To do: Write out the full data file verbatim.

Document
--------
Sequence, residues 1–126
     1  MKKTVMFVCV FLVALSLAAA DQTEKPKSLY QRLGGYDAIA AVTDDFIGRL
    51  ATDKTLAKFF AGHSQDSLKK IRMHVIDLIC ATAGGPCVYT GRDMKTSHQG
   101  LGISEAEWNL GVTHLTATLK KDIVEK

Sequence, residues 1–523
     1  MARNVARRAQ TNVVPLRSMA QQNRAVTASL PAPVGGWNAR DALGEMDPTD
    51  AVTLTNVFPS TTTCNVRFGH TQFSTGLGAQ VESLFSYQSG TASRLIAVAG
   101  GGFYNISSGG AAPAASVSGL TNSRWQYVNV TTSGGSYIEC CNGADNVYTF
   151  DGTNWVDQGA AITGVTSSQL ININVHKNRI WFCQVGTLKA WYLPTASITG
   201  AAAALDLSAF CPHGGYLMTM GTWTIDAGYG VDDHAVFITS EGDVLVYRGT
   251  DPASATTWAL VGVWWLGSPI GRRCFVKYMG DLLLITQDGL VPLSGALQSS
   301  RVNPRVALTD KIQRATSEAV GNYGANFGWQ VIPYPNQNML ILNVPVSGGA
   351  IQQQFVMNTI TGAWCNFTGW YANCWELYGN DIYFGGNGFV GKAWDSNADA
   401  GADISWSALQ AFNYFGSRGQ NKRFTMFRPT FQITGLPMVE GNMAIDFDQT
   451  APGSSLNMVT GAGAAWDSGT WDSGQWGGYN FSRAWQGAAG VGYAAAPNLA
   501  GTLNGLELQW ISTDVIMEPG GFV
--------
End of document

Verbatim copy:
Sequence, residues 1–126
     1  MKKTVMFVCV FLVALSLAAA DQTEKPKSLY QRLGGYDAIA AVTDDFIGRL
    51  ATDKTLAKFF AGHSQDSLKK IRMHVIDLIC ATAGGPCVYT GRDMKTSHQG
   101  LGISEAEWNL GVTHLTATLK KDIVEK

Sequence, residues 1–523
     1  MARNVARRAQ TNVVPLRSMA QQNRAVTASL PAPVGGWNAR DALGEMDPTD
    51  AVTLTNVFPS TTTCNVRFGH TQFSTGLGAQ VESLFSYQSG TASRLIAVAG
   101  GGFYNISSGG AAPAASVSGL TNSRWQYVNV TTSGGSYIEC CNGADNVYTF
   151  DGTNWVDQGA AITGVTSSQL ININVHKNRI WFCQVGTLKA WYLPTASITG
   201  AAAALDLSAF CPHGGYLMTM GTWTIDAGYG VDDHAVFITS EGDVLVYRGT
   251  DPASATTWAL VGVWWLGSPI GRRCFVKYMG DLLLITQDGL VPLSGALQSS
   301  RVNPRVALTD KIQRATSEAV GNYGANFGWQ VIPYPNQNML ILNVPVSGGA
   351  IQQQFVMNTI TGAWCNFTGW YANCWELYGN DIYFGGNGFV GKAWDSNADA
   401  GADISWSALQ AFNYFGSRGQ NKRFTMFRPT FQITGLPMVE GNMAIDFDQT
   451  APGSSLNMVT GAGAAWDSGT WDSGQWGGYN FSRAWQGAAG VGYAAAPNLA
   501  GTLNGLELQW ISTDVIMEPG GFV